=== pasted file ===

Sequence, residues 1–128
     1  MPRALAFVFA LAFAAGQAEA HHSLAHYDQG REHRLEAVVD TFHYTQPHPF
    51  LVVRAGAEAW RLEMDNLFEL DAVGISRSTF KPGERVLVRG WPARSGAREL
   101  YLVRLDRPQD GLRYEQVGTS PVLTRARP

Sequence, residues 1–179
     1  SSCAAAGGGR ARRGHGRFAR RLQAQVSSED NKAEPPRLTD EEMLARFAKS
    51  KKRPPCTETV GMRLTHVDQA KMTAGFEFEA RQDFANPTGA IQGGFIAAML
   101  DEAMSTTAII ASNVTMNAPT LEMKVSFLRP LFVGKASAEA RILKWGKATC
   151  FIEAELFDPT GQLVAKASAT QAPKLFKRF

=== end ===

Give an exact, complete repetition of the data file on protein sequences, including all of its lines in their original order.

Sequence, residues 1–128
     1  MPRALAFVFA LAFAAGQAEA HHSLAHYDQG REHRLEAVVD TFHYTQPHPF
    51  LVVRAGAEAW RLEMDNLFEL DAVGISRSTF KPGERVLVRG WPARSGAREL
   101  YLVRLDRPQD GLRYEQVGTS PVLTRARP

Sequence, residues 1–179
     1  SSCAAAGGGR ARRGHGRFAR RLQAQVSSED NKAEPPRLTD EEMLARFAKS
    51  KKRPPCTETV GMRLTHVDQA KMTAGFEFEA RQDFANPTGA IQGGFIAAML
   101  DEAMSTTAII ASNVTMNAPT LEMKVSFLRP LFVGKASAEA RILKWGKATC
   151  FIEAELFDPT GQLVAKASAT QAPKLFKRF